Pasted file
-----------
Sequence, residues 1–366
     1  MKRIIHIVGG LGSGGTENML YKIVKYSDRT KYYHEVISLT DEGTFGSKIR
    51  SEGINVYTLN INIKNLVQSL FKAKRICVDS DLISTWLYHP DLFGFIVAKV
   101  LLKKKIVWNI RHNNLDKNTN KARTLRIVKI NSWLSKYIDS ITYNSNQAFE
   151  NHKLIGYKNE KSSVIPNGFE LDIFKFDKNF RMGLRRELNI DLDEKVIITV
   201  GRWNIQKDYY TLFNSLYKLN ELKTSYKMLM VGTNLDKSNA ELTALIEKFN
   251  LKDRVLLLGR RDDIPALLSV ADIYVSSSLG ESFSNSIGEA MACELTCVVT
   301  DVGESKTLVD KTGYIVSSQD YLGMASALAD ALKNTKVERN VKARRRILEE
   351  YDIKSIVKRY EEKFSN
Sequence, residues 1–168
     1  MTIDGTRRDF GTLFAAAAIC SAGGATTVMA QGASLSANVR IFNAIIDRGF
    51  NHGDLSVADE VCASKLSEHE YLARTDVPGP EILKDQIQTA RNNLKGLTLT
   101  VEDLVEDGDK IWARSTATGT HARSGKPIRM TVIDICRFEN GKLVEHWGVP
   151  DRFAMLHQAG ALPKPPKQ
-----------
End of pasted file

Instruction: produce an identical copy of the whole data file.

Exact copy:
Sequence, residues 1–366
     1  MKRIIHIVGG LGSGGTENML YKIVKYSDRT KYYHEVISLT DEGTFGSKIR
    51  SEGINVYTLN INIKNLVQSL FKAKRICVDS DLISTWLYHP DLFGFIVAKV
   101  LLKKKIVWNI RHNNLDKNTN KARTLRIVKI NSWLSKYIDS ITYNSNQAFE
   151  NHKLIGYKNE KSSVIPNGFE LDIFKFDKNF RMGLRRELNI DLDEKVIITV
   201  GRWNIQKDYY TLFNSLYKLN ELKTSYKMLM VGTNLDKSNA ELTALIEKFN
   251  LKDRVLLLGR RDDIPALLSV ADIYVSSSLG ESFSNSIGEA MACELTCVVT
   301  DVGESKTLVD KTGYIVSSQD YLGMASALAD ALKNTKVERN VKARRRILEE
   351  YDIKSIVKRY EEKFSN
Sequence, residues 1–168
     1  MTIDGTRRDF GTLFAAAAIC SAGGATTVMA QGASLSANVR IFNAIIDRGF
    51  NHGDLSVADE VCASKLSEHE YLARTDVPGP EILKDQIQTA RNNLKGLTLT
   101  VEDLVEDGDK IWARSTATGT HARSGKPIRM TVIDICRFEN GKLVEHWGVP
   151  DRFAMLHQAG ALPKPPKQ